Newspaper Archive of
Arkansas Catholic
Litlte Rock, Arkansas
April 16, 1927     Arkansas Catholic
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April 16, 1927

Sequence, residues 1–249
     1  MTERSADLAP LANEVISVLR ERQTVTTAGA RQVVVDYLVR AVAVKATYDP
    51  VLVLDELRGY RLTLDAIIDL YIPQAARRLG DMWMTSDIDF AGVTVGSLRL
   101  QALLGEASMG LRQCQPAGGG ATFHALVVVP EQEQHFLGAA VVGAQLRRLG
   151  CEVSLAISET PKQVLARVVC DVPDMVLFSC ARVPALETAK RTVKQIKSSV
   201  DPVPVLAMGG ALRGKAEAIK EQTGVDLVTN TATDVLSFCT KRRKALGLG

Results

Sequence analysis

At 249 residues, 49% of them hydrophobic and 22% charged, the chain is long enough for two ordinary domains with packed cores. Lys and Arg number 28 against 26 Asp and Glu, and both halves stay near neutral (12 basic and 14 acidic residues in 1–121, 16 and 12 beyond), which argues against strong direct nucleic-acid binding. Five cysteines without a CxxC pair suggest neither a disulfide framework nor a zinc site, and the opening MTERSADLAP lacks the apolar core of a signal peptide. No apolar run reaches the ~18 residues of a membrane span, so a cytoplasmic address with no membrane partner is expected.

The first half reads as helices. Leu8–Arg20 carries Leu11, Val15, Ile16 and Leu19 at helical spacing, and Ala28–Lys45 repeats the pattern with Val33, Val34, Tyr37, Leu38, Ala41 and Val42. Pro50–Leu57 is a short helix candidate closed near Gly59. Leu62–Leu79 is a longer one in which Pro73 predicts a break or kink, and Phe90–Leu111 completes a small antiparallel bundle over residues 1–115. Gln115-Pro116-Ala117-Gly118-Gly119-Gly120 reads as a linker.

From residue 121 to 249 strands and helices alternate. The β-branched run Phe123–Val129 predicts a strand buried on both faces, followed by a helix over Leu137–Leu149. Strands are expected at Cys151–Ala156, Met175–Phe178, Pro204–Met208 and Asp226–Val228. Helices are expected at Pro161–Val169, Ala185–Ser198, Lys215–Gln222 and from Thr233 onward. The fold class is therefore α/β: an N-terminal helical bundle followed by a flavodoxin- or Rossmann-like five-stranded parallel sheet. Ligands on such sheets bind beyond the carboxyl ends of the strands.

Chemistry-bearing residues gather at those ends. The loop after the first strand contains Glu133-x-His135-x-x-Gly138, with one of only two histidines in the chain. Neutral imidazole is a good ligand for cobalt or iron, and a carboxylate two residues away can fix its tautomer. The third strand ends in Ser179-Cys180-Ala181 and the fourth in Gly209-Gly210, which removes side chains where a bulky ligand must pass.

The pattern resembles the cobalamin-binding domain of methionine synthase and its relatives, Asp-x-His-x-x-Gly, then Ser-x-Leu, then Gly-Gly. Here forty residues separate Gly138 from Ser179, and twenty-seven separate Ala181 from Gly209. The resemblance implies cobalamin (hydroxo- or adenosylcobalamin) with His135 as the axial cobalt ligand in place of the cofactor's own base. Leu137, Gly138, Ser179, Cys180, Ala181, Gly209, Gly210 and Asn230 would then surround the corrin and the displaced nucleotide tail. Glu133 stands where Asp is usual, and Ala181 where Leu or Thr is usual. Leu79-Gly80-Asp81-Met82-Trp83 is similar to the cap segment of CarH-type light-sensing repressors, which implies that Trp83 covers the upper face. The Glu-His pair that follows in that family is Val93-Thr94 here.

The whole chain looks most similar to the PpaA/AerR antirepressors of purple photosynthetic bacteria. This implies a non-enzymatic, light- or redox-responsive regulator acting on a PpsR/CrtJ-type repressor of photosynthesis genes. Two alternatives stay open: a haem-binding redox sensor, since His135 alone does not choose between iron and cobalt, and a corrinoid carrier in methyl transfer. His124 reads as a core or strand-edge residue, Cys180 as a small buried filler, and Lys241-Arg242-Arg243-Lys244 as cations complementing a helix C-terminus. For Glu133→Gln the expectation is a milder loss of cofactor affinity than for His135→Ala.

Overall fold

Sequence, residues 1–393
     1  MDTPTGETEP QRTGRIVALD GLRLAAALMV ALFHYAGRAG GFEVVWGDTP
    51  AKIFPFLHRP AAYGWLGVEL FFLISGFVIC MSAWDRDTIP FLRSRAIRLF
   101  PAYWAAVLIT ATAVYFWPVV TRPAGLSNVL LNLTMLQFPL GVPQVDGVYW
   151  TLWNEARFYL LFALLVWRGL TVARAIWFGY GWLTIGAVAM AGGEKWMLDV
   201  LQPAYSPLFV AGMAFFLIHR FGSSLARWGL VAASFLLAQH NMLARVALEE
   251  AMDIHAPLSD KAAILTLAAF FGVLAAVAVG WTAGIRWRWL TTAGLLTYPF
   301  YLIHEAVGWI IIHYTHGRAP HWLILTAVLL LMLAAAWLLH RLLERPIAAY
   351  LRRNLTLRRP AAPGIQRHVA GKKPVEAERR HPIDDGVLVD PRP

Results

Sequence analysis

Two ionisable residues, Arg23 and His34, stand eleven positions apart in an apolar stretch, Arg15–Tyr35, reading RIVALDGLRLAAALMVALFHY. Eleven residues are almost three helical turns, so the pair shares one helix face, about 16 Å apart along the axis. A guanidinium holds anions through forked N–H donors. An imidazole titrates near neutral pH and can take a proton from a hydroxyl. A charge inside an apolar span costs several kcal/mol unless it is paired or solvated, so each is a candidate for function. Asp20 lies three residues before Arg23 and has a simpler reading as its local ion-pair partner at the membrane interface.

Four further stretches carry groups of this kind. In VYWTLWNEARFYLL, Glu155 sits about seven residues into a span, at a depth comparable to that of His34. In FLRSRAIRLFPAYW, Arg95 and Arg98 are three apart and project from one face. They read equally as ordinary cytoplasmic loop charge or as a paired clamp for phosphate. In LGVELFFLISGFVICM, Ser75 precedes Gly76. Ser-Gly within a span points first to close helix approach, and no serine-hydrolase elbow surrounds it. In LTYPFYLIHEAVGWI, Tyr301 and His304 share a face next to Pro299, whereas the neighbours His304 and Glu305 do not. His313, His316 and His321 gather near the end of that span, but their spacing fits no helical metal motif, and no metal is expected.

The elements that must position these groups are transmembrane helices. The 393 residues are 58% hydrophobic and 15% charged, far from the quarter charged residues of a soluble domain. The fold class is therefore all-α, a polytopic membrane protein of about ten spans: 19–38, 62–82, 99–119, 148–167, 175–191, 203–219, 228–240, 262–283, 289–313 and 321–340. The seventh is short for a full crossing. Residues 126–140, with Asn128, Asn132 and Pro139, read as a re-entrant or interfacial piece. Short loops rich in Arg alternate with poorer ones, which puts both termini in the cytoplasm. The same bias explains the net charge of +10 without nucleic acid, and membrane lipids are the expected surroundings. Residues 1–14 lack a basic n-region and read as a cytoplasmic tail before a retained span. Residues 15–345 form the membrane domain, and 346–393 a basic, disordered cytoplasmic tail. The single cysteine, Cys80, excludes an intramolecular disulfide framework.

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Page Two THE GUARDIAN, APRIL 16, 1927 .... equipment, offices, heating and Published Weekly " [ ~ Mt garages, etc., etc., and its fin( THE CATHOLIC PUBLICATION, SOCIETY i II[] ' lilt of the Diocese of Little Rock _ _ 8.,W T ............. ]IL]I ONE CAUSE OF PROTESTANTISM S DECAY [H] lrevisinSUbject' andf courSe,rejectiontO oftheho( ritietset ]~ter~d at, e~ond-class matter March 21. 1921, at the postoffice| till . mittees. In due time would ari at IAtt~ R~k, Ark., under the Act of Congress of MarchS, 1879. | ~m= .... ,~::~ "" - .... - recriminations calling for the ncrl ate ~/]8~CRLPTION PRICE, $2.'00 THE YEAR ~ | "~\ .... Protestantism's failure as a religious and Protestant fraternalism in America," sent to the lem uman acuv cu- sme-lh-ngh-c-m-mlt-t-eesif-t he i;s .Wh a a addr&s i, desired the ,ubseriber should gi,e! moral influence in the United States is the editors of a large number of papers a question-] y thata theme of frequent discussion nowadays not only hairs on the subject of Governor Smith's presi-,terial for contention th.n sbo.ld r eh us in the or-ans of Protestant o ini n"- " "n the dential candidacy. The questionnaire was typi-Iwrd that in itself offers albwa -- Y ' g" Brief ne .... rrespondence is g p 0 OU~ 1 ........... debate), it is altogether . . .ya ~~ The kindness of the clergy in this matter is cer- , ......... cal oz ~ne (llsnones~y o$ these professional fo- .m,y securer press as well 'me writers on subjec merit .............. tions coming before the bureau -- ors rengmus ammos ms, lnqmre standards would occupy the IEV. ~EO. H. McD]~RMOTT ............................. Managing Editor All communications about "The Guardian" should be addressed to gev, ~ ~L McDermott, 807 West Second Street. OFFICIAL ORGAN T~e Gtml-dlan i~ the official organ of the Diocese of Little Rock. grad I pralr God that it may be an earnest champion of the cause of right, j~Aee ~d truth and an ardent defender of the religion which we all lova ~o well I extend to it my blessing with the sincere hope that its career may be long and prosperous. JNO. B. MORRIS. APRIL 16, 1927 Bishop of Little Rock.l] Easter Sunday. -0 Alleluia ! Alleluia ! Alleluia ! .O Let His Resurrection be yours also by the re- ception of the Sacraments of Penance and Holy Eucharist. O The hearts of our Catholic people of the Dio- cese of Little Rock should have their generous response to the appeal of the Rt. Rev. Bishop that he may auspiciously continue the splendid Missionary efforts toward making Catholicism stronger and more influential in the State of Ar- kansas. This already has been the resultant in a measure of the fruit of the Vineyard from out the zeal and labors of the several young priests whom the Bishop ordained the past few years. "0 BUDGET YOUR RELIGION A prominent non-Catholic gentleman, resid- ing outside Little Rock, stated to a priest that if the wealthy Catholics in that community did for the church what the average poor non-Ca- tholic does, the position of the church today in Arkansas would be an envious one. This gentleman owing to his interes s,'is fa- miliar with the financial conditions of both Ca- tholics and non-Catholics and the judgment ex- pressed in his statement which we/have quoted materiaIly, is regarded as conservative., Granting that this is so: That the gentleman fs informed on the subject and one in his posi- tion must of necessity be so. The indictment of us is a serious one. Anc taking it seriously, let those of precise and orderly turn qf mind com- pare the budget of their expenses for the oper- ation of their automobiles, their expenditure for entertainment and other items that are not of necessity with their annual budget for the Church. Of course there are many who do not keep such accounts, for them, let them estimate what they spend dn recreation and amusements for one week and compare it with what they do for religion during the same week. For several months the Guardian has been trying to bringJts readers to a realization of their own individual responsibility for the wel- fare of Religion, and we have seized every op- portunity to dwellon it, for this we make no apology, hoping that results will finally vindi- cate us. We who are blessed'with the Faith are so content and so sheltered from spiritual prob- lems and storms, so sure of the security of the guiding influence of our lives that it does seem that we have lost our sense of gratitude for that influence. F. .0 THE ANNUAL COLLECTION FOR THE SEMINARY. On the 26th day of May, Ascension Thursday. six young men, who have been enrolled at St. John's Seminary for the past five or six years, will be ordained to the Sacred Priesthood at St. Andrew's Cathedral. Our Seminary thus gives evidence again of its sterling worth to the diocese. Each yea it sends forth a class of almost invariably take for granted the present decadence of Protestantism and freely predict its complete disintegration. Whatever their dif- ferences of belief as to the causes and cures they debate, these commentators are unanimous in their view of the condition itself. Within the last month two national maga- zines, neither of them religious, have published articles in which the passing of Protestantism is either candidly conceded or necessarily im- plied. Both articles were contributed by non- Catholics one of them a Baptist. Writing in the Woman's Home Companion for March, Mr. Frederick L. Collins answers in the affirmative his own question: "Shall We Tear Down the Churches?" He makes it clear that he deals only with Protestant churches and, indeed, admits that ,even the "humblest" Catholic "edifice would be seriously and sincerely missed" if it were eliminated. What Mr. Collins suggests, he explains, is the "immediate redhction, by at least one half, the number of existing places of (Protestant) worship without reducing existing opportunities for worship." In short, he pro- poses to "scrap" some 90,000 buildings at pres- ent dedicated to Protestant religious uses. All this Mr. Collins recommends in the conviction that Protestantism can be salvaged as a religion by treating it like a business. What is signifi- cant is his admission that Protestantism in many places has "failed to function." Even more frank than Mr. Collins in acknowl- edging Protestantism's collapse but incompar- ably less hopeful of its recovery is Mr. Herbert Parrish, in the Atlantic Monthly for March. Mr. Parrish titles his article, "The Break-up of Prot- estantism." In the course of it he ventures var- mus explanations to account for the process of whether the recipient believed "religious issues should have place in the field of national poli- tics" and whether "the nomination of Alfred E. Smith or any other Roman Catholic, with the collective support of the Roman Catholic ele- ment would inject this issue?" Like those two, the other questions were so framed as to assume as proved the very thing about which the in- quiry was professedly made. Here is one more specimen of the "questions, .... In the event of the election to the Presidency of Alfred E. Smith or any other Roman Catholic acknowl- edging allegiance to a foreign ecclesiastic, would you have confidence in his presidential oath to support the Constitution." One of these "questionnaires" was received by Talcott W. Powell, manager and editor of the Middletown (N. Y.) Times Herald. Mr. Powell is the son of a Protestant minister. E. Rowland Harriman and W. Averell Harriman, owners of the Times-Herald are also Protestants and Republicans. Mr. Powell, making his paper's reply to the Fellowship-Forum's trick questions, said in part: "Your questions are unfair, leading and are worded to coerce answers favorable only to your side of the issues you raise. "Lest you charge me with bias, let me assure you that I am the son of a Protestant minister and that the Times-Herald is controlled and managed entirely by members of Protestant de- nominations. As editor of this paper I am at present opposed to the candidacy of Governor Smith. "The Times-Herald sets up no shibboleths, political or otherwise; its policies represent the honest belief of its directors on each issue. We do, however, believe in hard, clean fighting. In disintegration he describes, but he offers no hint effect you are asking us to aid you in a rankly of a remedy. Indeed, he disclaims either the unsportsmanlike fight against a man who has hope or the desire that the dissolution be pre-lalways played the game according to the rules. vented. "It is my conviction," he says, "thatlWe feel that he is entitled to the same consider- the sooner Protestantism disappears from Amer- ican life, the better." Mr. Parrish condemns the "narrow sectarian spirit" of Protestantism and its alliance with the Anti-Saloon League, and criticizes ruthlessly the willingness of the Protestant sects to condone hypocrisy and mendacity in the interest of Prohi- bition. Mr. Nicholas Murray Butler, president of Columbia University, himself a Presbyterian, is another witness to this Protestant propensity to abet in, tolerance, and he is also an example of the repugnance with which intelligent and broadminded men and women regard this sort of bigotry. Only recently Dr. Butler found it necessary to deplore an "appalling revival of in- tolerance" and to denounce the "activities of persons clad in sheets, persecuting here a Cath- olic, there a Jew, then a negro"to realize the program of government by "native-born, white Protestants." How this religious bigotry may disgust fair and conscientioug Americans had still further exemplification a few weeks ago when the Fel- lowship Forum, which calls itself " a voice for diocese, comes to the attention of our Catholic people. Local matters are, of course, paramount to the people of a parish. However, our Right Rev- erend Bishop once each year asks his people to give consideration to the seminary and its needs. He has set aside Easter Sunday as the time for taking up a special collection for John's. This Sunday should mean an opportun- ity for the Catholics Arkansas to show their appreciation for this institution and its work. In justice they should, indeed, demonstrate their recognition of its importance. It may be that the priest who serves them is a product of the institution ; at any rate, it is more than likely that the pastor of the future will be a priest who has been educated in our own diocesan sem- young manhood which, by painstaking eff0rts,]inary. it has cared for, instructed and ti'ained. rhe The needs of the seminary grow with the young ' " men whom is preparing for this year s passing of the years. What at one time would suffice for its maintenance is not now nearly sufficient. This year it has enrolled its largest number of students. In May it turns out its largest class at one ordination. It depends upon the g nerosity of those whom it is endeaOoring to serve in order to meet what would otherwise constitute a yearly deficit in expense of main- tenance. Be generous to the Seminary on Easter Morn. .o. FEDERATIONIZED EDUCATION (Editorial, Washington Post) It is astonishing that a body of educators should be so ignora at of the Constitution as to assume, that the federal government can take Ordination Class will be soon leaving its walls to give their all in spiritual ministration to the Catholic people of Arkansas. Within a few weeks after their ordination the young priests will be engaged with the varied duties of their ministry somewhere in our very midst: In the performance of the Divine Master's ork they will be constantly using the knowledge gained in the classrooms at their Alma Mater. They will be fortified in their zeal and cleanness of life by the spiritual influences which the insti- tution makes a dominant part of their daily lives. It is only on the occasion of an ordination ceremony or other ecclesiastical function that this institution, which furnishes priests to the ation from his opponents. "When the time comes for the battle we shall be there, but we shall not hit below the belt be- cause he takes advantage of a sacred Constitu- tional guarantee to worship. God according to the dictates of his conscience. "Your questionnaire is an adroit impertinence to any real American." There can be little doubt that thousands of men and women who have a sense of fairness, a pride of intellect, and a respect for their Americanism not to mention sentiment of charity and ,Christian fellowship are lost to Protestantism every year by reason of the viru- lence of some of its champions. It is all the more strange that this is true since Protstants could, if they chose, act their creed that "one religion is as good as another" and all entitled to respect. It appears, however, that Protest- antism, after having sacrificed almost every fundamental of Christianity in order to be "in- dependent" is nevertheless unwilling to forsake its unworthy companionships in order to be tol- erant." f control of the school system. It would be still more astonishing to see those educators still in- sisting upon the innovation, assuming that it could be effected, after they had learned what would follow. A federal department of education would be worthless unless it had jurisdiction over the public schools. No doubt the National Educa- tional Association had( in mind the transfer of jurisdiction over the schools to the federal gov- ernment. If that is desired, the end can be at- ained only by a constitutional amendment. The public schools are maintained at a cost of hundreds of millions of dollars, raised by state taxation. Included in the cost is the pay of thousands of superintendents and tens of thou- sands of teachers. The direction and control of the public school system by the federal govern- ment would call for an establishment as large and ramified as the postoffice department. The scramble for "pork" in the shape of fed- eral buildings would be magnified into a riot at every session if congress were required to pro- vide every schoolhouse in the United States. What curriculum would be selected by the bureaucracy at Washington for the education of America's youth? Would the United States permit teachers to instruct their charges that i man is descended from a monkey? Or would congress stimulate that no theory should be taught unless its validity had been established by some commission or bureau of educational standards, appointed by the President by and with the advice of the senate? .Naturally, a bureau of educational standards would require a laboratory, a library, testing of congress, if not of the Union, longer than those great filled the Middle Ages with war. ERICSON'S The Masonic-Kluxer hies the assertion of the Erickson, who is believed to have to discover America, was a the ground that "the Roman as it exists today was not then that time." (sic!) Lief Ericson ginning of the eleventh centurY' a Roman Catholic, he must have for there was no other Christia days. The Echo, Buffalo. BRUCE BARTON Swatting Bruce Barton Nobody Knew,' seems a certain Catholic preachers and They take him to task for the divinity of Christ and His humanity." We make no brief for BartOn. him? In his book, even though the divinity of Christ he has urable lot in bringing Christ others who might not have kn wise. And that is considerably $' of us carping, critical CatholiCS Tablet, Brooklyn, N. . A NOTABLE t Bishop Canevin was chosen to largest and most prosperoUS United States. He betrayed to obtain the mitre or to tastes, and indeed his whole c proclaim and demonstrate those rare prelates who slightest fear of provoking a retort nolle episcopari- I do a Bishop. He resigned his See, than he had intended, but not unable to spend years in that better world to which to lead the Christians under The Transcript, Hartford. LENT IN NEW yot The Knights of ColumbUS to all Catholic papers and throughout the country, following item: "The $4, of the New York Chapter, was opened with elaborate March 12. . exhibitions diving were held. . as the orchestra for dancing struck orchestra played for dancing during luncheon . . at torium was turned into a building of its kind ever auspices in this country." In- ord, Louisville. FORD'S FATHER WAS J We have looked up in two I[ nry Ford, and can thority that he is what is usU American. Henry's father, bora at Brandon, County cork migrated to Michigan, where I,ittogot, a farmer's daughter" in 1863. William Ford seeins to Episcopalian (there are that faith "when he came to Henry developed into a gre nothing would do him but a Ford plant in' Cork, to not forget the land of his passage will occur in his The Fords, in and about ant farmers; and William to Greenfield, Mich., was quite his married life on a forty-acre here a striking answer to the o that the Irish are shiftless We file Henry and mark hir The Citizen, Milwaukee.